About this presentation
Coarse woody debris (CWD) is an important component of many forest ecosystem functions, and there is increasing recognition that CWD dynamics need to be considered during forest management planning. Over time, timber harvesting impacts the quantity, quality, and input rates of CWD that are necessary to support biodiversity, nutrient cycling, carbon storage, and critical habitat components for many species, including the American marten. The Date Creek Research Forest offers a unique opportunity to follow CWD dynamics after variable timber retention harvesting (0%, 40%, 70%, and 100% retention) through time. In this presentation, Ingrid will discuss the impact of harvesting intensity on CWD volume, decay class, and inputs from windthrow over 27 years. She will present her methodology for creating a habitat index to assess the impact of harvesting intensity on CWD habitat features, as well as her evaluation criteria for how remote sensing can be used to assess CWD over the landscape.
About Ingrid Farnell (BSC.)
Ingrid is a budding ecologist currently studying coarse woody debris (CWD) dynamics post-harvest and the impact on American marten CWD habitat as part of her Master of Science in Natural Resource Management at UNBC. She is from Aylmer, Ontario and moved to the Bulkley Valley 6 years ago after tree planting brought her to northern BC. Since living in the Valley, Ingrid has worked on several BVRC projects: a cumulative effects and climate change project (with Don Morgan); the Skeena Knowledge Trust’s Skeena Salmon Data Centre Project (with Eclipse Geomatics); and most recently, a project researching the carbon dynamics of planted and naturally regenerated stands following wildfire (with Alana Clason). Ingrid is excited to complete her MSc. in the near future and work as an ecologist in the Bulkley Valley.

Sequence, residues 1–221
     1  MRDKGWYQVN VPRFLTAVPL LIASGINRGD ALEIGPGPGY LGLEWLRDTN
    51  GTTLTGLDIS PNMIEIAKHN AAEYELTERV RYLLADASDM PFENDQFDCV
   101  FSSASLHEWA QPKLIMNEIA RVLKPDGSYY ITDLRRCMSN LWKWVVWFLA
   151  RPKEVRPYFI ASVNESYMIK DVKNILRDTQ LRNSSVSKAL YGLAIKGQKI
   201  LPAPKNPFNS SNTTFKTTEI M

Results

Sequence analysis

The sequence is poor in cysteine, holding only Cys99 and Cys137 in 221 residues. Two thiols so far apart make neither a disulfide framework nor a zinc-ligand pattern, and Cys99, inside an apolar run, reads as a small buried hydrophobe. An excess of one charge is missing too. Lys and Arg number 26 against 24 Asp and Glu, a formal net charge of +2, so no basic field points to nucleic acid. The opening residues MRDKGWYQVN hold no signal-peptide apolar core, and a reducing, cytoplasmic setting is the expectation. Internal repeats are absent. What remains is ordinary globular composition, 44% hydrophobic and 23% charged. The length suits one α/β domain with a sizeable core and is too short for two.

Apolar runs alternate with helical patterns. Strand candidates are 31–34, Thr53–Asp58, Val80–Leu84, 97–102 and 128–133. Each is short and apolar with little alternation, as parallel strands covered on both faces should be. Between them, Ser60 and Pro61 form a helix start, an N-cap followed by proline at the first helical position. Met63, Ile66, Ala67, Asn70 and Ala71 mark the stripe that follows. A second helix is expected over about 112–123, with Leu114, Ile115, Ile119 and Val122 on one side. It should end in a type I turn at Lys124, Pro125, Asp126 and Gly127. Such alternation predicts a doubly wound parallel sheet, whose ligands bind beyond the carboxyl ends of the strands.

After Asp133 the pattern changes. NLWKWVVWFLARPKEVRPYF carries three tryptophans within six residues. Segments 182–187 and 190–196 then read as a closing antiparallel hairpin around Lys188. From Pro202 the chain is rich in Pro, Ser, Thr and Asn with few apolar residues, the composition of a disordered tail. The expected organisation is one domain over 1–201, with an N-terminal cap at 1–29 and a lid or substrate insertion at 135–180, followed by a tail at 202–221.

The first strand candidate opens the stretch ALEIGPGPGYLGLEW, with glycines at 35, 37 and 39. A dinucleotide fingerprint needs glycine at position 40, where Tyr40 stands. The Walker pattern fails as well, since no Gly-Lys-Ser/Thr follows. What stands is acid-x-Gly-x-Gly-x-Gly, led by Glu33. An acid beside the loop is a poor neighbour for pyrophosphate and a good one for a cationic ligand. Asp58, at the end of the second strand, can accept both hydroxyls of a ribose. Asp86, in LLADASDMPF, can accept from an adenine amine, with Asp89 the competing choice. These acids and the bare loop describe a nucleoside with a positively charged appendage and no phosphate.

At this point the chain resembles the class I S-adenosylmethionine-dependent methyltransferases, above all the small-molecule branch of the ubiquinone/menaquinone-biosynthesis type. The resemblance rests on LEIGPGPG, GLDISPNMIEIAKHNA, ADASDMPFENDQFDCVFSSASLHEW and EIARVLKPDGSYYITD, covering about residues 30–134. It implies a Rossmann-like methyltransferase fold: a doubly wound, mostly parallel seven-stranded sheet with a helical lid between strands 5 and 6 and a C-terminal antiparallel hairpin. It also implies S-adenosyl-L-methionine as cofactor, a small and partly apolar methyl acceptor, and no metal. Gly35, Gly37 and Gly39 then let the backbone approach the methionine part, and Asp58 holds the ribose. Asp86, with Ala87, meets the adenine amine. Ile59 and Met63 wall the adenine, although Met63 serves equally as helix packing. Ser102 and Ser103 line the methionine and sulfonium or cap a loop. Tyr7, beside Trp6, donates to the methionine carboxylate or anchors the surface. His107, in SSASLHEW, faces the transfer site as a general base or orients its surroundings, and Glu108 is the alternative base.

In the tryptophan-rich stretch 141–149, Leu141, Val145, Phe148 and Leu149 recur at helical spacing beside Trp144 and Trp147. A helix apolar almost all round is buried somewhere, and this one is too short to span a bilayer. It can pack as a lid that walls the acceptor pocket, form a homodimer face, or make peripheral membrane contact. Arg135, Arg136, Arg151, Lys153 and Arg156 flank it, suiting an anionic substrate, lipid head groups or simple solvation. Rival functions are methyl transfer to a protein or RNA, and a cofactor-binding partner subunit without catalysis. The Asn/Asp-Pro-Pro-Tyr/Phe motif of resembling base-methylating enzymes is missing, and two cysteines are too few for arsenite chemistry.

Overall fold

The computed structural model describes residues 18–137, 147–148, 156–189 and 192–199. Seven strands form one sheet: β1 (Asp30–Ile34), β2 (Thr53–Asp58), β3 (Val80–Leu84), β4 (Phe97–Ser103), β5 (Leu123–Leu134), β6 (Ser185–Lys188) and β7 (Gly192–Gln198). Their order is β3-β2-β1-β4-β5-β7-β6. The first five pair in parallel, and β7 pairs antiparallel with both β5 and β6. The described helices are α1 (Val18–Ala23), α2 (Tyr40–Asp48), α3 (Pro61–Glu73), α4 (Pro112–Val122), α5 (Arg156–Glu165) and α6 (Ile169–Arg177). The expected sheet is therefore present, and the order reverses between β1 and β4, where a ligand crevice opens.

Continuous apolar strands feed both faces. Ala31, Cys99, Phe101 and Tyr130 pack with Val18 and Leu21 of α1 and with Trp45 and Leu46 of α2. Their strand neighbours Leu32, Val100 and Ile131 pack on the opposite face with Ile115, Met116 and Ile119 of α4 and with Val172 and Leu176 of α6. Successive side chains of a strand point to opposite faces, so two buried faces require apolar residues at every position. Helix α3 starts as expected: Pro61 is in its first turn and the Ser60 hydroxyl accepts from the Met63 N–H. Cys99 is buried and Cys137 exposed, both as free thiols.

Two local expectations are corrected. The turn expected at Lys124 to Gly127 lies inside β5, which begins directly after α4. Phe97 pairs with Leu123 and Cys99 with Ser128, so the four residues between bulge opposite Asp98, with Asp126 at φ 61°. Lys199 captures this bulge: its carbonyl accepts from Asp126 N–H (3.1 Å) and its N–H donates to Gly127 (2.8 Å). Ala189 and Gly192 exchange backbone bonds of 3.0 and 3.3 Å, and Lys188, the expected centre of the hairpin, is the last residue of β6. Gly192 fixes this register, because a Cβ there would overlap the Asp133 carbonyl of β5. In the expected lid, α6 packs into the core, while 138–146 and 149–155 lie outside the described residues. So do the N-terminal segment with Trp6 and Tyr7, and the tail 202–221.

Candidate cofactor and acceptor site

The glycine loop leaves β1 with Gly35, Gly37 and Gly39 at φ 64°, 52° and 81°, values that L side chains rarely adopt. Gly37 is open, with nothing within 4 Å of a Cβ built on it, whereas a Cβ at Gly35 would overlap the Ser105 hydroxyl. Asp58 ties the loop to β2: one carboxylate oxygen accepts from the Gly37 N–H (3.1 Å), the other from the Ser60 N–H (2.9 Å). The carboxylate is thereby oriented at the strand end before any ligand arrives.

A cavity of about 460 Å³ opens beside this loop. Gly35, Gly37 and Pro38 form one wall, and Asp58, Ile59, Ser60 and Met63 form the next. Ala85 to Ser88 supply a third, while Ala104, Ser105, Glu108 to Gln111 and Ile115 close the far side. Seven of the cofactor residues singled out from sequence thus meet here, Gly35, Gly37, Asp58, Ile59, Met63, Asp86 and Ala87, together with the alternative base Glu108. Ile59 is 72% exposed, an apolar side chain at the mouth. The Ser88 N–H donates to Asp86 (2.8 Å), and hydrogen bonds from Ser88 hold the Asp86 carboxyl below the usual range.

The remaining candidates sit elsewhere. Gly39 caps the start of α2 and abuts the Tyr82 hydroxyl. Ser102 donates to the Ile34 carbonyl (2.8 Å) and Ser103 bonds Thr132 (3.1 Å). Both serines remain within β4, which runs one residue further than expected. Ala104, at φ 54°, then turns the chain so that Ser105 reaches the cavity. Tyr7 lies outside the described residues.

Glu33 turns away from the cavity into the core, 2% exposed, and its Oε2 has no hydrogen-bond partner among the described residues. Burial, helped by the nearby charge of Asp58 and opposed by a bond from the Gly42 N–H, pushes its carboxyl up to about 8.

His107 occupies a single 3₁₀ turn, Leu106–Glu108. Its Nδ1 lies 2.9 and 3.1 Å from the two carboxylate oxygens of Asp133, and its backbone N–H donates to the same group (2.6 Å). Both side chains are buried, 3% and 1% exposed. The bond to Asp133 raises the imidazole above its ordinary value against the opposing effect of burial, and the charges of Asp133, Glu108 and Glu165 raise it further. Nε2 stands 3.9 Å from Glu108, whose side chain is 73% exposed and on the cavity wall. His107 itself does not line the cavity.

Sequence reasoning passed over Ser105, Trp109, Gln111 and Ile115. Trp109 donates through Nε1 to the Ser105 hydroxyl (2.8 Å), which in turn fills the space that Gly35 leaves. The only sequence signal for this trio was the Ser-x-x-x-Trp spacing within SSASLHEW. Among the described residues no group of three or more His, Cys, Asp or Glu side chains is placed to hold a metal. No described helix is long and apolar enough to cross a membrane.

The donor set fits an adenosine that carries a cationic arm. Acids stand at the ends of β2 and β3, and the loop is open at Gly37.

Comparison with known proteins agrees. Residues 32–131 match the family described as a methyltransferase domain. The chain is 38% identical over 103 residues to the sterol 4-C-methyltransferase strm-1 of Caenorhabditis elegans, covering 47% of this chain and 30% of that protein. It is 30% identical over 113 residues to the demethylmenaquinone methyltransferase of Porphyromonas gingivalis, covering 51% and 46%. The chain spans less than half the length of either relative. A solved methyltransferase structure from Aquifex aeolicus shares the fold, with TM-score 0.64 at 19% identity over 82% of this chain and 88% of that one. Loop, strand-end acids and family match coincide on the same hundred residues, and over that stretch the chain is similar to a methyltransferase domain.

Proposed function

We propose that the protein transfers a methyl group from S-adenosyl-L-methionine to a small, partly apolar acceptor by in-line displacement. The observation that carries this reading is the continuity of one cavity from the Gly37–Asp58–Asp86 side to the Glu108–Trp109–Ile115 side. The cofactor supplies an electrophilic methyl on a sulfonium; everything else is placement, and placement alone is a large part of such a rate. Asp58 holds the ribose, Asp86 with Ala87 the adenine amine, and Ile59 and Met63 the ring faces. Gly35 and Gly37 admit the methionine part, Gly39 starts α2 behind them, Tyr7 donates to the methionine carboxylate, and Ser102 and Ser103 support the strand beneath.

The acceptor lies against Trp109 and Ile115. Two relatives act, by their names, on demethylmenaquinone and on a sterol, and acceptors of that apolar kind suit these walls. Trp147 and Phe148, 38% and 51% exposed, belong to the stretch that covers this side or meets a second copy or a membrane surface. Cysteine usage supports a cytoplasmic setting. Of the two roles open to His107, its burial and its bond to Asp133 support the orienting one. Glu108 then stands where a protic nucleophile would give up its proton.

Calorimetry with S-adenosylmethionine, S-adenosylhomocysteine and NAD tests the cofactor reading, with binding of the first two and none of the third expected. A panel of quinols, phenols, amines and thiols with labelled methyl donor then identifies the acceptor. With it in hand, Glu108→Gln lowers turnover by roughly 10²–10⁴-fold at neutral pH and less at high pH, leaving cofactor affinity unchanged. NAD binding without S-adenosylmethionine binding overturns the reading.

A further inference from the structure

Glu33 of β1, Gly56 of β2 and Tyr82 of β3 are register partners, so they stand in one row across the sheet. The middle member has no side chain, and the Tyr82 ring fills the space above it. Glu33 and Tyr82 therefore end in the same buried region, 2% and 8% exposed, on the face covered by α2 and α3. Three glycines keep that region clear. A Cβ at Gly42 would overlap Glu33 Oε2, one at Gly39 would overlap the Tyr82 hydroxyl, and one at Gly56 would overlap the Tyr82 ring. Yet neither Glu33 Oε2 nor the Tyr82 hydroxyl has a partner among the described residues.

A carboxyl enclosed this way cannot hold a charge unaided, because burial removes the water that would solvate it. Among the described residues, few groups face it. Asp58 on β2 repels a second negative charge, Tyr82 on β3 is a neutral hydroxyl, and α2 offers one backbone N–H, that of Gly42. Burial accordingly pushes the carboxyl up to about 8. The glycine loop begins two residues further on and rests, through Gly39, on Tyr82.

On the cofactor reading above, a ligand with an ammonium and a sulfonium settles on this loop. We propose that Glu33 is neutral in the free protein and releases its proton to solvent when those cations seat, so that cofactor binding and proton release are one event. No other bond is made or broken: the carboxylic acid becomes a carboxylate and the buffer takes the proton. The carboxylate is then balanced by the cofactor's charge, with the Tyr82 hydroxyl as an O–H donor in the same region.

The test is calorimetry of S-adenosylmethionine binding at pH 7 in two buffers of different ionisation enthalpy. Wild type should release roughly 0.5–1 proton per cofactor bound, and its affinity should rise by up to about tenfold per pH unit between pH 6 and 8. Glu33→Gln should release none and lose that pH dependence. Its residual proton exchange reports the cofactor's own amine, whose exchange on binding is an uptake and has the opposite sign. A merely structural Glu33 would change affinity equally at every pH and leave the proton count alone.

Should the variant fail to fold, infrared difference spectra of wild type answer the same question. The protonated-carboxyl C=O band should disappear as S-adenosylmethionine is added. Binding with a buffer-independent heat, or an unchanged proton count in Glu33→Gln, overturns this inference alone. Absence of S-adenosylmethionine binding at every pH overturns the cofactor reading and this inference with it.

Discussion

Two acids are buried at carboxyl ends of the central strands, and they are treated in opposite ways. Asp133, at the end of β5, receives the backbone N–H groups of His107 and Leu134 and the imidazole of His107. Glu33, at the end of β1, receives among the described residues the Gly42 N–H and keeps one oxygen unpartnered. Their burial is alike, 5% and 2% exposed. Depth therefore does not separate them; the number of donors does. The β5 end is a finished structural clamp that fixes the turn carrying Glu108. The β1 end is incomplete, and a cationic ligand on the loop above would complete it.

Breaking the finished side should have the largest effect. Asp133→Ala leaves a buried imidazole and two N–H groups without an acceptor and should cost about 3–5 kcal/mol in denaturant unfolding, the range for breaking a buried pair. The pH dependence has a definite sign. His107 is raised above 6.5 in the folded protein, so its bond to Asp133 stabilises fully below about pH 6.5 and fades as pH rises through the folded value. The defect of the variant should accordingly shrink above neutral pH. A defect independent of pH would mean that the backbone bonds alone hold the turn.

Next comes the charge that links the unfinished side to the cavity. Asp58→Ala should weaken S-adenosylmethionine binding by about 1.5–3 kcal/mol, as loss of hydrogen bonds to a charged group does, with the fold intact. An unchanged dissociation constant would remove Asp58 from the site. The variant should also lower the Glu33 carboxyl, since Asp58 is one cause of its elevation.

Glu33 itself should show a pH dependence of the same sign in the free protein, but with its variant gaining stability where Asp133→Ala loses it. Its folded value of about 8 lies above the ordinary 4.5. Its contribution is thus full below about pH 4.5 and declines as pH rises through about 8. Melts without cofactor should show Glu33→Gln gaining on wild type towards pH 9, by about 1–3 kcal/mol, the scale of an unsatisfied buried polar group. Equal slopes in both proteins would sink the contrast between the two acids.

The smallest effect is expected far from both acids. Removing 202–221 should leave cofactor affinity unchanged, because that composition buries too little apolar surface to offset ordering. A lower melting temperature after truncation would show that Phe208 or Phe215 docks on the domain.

ACCESS: Current BVRC members will receive a Zoom invite; non-members can email firstname.lastname@example.org for the link.